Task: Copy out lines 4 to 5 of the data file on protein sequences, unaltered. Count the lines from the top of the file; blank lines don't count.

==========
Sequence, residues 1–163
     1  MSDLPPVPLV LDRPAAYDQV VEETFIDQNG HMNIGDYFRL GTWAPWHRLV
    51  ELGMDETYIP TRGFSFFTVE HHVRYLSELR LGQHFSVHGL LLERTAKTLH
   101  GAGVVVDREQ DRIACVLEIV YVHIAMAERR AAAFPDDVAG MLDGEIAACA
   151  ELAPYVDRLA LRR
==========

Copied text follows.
   101  GAGVVVDREQ DRIACVLEIV YVHIAMAERR AAAFPDDVAG MLDGEIAACA
   151  ELAPYVDRLA LRR